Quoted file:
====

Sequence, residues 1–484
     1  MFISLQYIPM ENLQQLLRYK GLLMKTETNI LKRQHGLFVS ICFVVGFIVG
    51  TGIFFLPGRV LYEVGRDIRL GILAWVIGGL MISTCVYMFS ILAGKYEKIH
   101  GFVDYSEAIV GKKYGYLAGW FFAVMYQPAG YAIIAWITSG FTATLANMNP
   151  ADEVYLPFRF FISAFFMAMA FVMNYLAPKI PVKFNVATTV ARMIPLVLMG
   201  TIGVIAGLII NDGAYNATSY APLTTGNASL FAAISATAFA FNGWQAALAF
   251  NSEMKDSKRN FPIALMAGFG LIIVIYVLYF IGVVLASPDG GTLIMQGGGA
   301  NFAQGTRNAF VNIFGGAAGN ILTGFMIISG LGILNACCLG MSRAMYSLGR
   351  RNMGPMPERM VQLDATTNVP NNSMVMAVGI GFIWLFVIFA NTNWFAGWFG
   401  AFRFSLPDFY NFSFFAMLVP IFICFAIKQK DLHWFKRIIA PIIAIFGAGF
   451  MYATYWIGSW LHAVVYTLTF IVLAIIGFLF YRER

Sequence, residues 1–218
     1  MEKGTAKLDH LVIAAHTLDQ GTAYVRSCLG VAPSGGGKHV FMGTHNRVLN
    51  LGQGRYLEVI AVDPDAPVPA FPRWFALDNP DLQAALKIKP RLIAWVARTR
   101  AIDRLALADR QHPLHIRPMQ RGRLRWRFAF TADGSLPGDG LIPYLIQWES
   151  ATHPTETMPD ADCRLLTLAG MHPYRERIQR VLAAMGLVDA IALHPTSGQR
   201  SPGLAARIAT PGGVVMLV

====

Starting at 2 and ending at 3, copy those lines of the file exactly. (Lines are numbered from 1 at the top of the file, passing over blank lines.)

     1  MFISLQYIPM ENLQQLLRYK GLLMKTETNI LKRQHGLFVS ICFVVGFIVG
    51  TGIFFLPGRV LYEVGRDIRL GILAWVIGGL MISTCVYMFS ILAGKYEKIH